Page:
Any downside to buying a hybrid?

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Comments

  • mistermemisterme Member Posts: 407
    Hello Kdhspyder:
    "some get 45 mpg and some can even get 50 mpg with the right driver and with the right driving circumstances"

    Sorry, you're providing more bad hybrid information.
    Most people report mid to upper 40's in their hybrid cars while some drivers get mid-upper 50's to upper 60's MPG.
    http://home.alltel.net/stevedez_00/gas.jpg
    66.6MPG displayed, 68MPG by calculated miles/gallons used and 932 miles to a single tank. All summer did mid-high 60's calculated.

    That was in mid 90's temperatures and around 95-100% humidity.

    That was with an HCH CVT. MT can do better.

    Prius can do a little better than that, and Insight is good well past 100MPG tanks, with the right driver under normal conditions.
  • nwngnwng Member Posts: 663
    they don't have any prius in stock but plenty of camrys. No sale today, no commission this month, it's pretty simple
  • nwngnwng Member Posts: 663
    while people who are baggering the prius getting lower mpg in the winter, doesn't that happen to ALL cars? My corolla gets mid to high 30's in the summer and drop to mid 20's in the winter, and I've got long, cold winters in NE. :confuse:
  • stevedebistevedebi LAMember Posts: 4,098
    "...the CRV is much more refined. Is yours a 5sp or auto?"

    Auto, though I think the MT is a 4 speed; the 2005 and later CR-V is a 5 speed auto.

    My wife doesn't drive a stick, and anyway there are two reasons I wouldn't have bought one.

    1. MT is rare - hard to find.
    2. MT gets worse MPG than auto.
  • stevedebistevedebi LAMember Posts: 4,098
    "while people who are baggering the prius getting lower mpg in the winter, doesn't that happen to ALL cars? My corolla gets mid to high 30's in the summer and drop to mid 20's in the winter, and I've got long, cold winters in NE"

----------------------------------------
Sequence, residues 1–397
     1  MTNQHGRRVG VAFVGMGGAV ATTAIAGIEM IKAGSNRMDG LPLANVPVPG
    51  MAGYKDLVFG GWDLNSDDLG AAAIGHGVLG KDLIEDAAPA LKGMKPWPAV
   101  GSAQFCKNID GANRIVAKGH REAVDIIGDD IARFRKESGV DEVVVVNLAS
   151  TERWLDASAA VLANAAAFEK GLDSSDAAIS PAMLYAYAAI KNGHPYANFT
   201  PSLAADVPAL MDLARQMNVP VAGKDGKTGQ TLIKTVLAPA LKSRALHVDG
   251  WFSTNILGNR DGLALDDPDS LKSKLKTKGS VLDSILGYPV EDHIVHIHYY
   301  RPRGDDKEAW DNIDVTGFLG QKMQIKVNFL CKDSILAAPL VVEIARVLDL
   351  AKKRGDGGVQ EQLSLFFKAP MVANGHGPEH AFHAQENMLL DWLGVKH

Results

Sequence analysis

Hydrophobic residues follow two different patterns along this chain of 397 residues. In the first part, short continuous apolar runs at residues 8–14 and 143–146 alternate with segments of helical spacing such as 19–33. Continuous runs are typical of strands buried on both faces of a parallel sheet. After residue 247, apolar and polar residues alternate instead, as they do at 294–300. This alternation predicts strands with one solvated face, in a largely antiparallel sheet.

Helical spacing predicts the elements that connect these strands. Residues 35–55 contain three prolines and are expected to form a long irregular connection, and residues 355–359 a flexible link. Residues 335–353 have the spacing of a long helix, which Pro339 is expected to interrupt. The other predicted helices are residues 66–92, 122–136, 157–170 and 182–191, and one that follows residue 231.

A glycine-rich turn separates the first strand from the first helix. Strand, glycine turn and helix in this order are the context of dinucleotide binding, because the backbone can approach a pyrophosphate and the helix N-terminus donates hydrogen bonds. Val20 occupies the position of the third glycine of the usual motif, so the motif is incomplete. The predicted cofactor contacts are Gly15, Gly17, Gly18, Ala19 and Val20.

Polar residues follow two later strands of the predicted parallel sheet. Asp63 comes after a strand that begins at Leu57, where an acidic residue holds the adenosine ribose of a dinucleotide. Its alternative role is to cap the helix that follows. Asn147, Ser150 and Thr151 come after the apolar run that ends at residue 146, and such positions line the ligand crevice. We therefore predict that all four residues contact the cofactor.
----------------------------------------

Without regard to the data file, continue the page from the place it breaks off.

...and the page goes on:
Here in SOCAL we get a "winter blend" gas, and the MPG goes down, but not by much for me - about .5 MPG.

    Of course, I'm only getting 22 MPG (city) to begin with...
  • larsblarsb Member Posts: 8,204
    Getting low MPG in cold weather is not a problem with hybrid technology, per se. If it was, there would be ZERO drivers achieving EPA numbers in the winter months, and that is not the case.

    There are many reasons for cars not achieving max MPG in the colder months...

    Car engines must warm up to a certain internal operating temperature before they most efficiently use the fuel. Winter months and colder temps make that transition from cold start to most efficient take a little longer.

    Also: new cars go through what is called a "break-in period" where the metal engine parts are still grinding against each other more rigidly, creating more friction, which also reduces efficiency. Over time, the "extra metal" shaves off and gets lubricated better (expecially if you use Synthetic Oil) and the friction is reduced, which affect MPG numbers.

    Winter formula fuels used in most states hold less energy and this also hurts MPG.

    Generally speaking, colder weather in many areas means "rain, snow, or slush or ice" on the roads - these things add additional resistance which the tires must push out of the way to contact the road, so they hurt MPG in that way. As someone pointed out to me, "Actually driving in snow kills your mpg. You're crawling and losing traction because the wheels have to spin more."

    Tire pressures also are lowered by the cold weather too. Most people fail to properly inflate their tires all year, but ESPECIALLY in the winter when it is cold and you might have dirty tires and you just dont want to deal with spending time in the cold airing up a dirty tire. Low tire inflation can cause blowouts and adds quite a bit of rolling resistance, which forces the engine to work harder to "push" the car forward, thus using more fuel.

    Additional idling uses more fuel and hurts overall MPG, and many people in cold climes by habit or necessity are warming their cars up in the morning. That is good practice to stay warm, but BAD for MPG numbers. While idling in your garage or driveway or carport, it is getting 0 miles to the gallon !! :D

    People who use the defroster in a Hybrid are many times using the A/C compressor to help reduce the humidity in the car and clear the fog. That is a MPG killer too. The compressor can be turned off, but usually by default it comes on.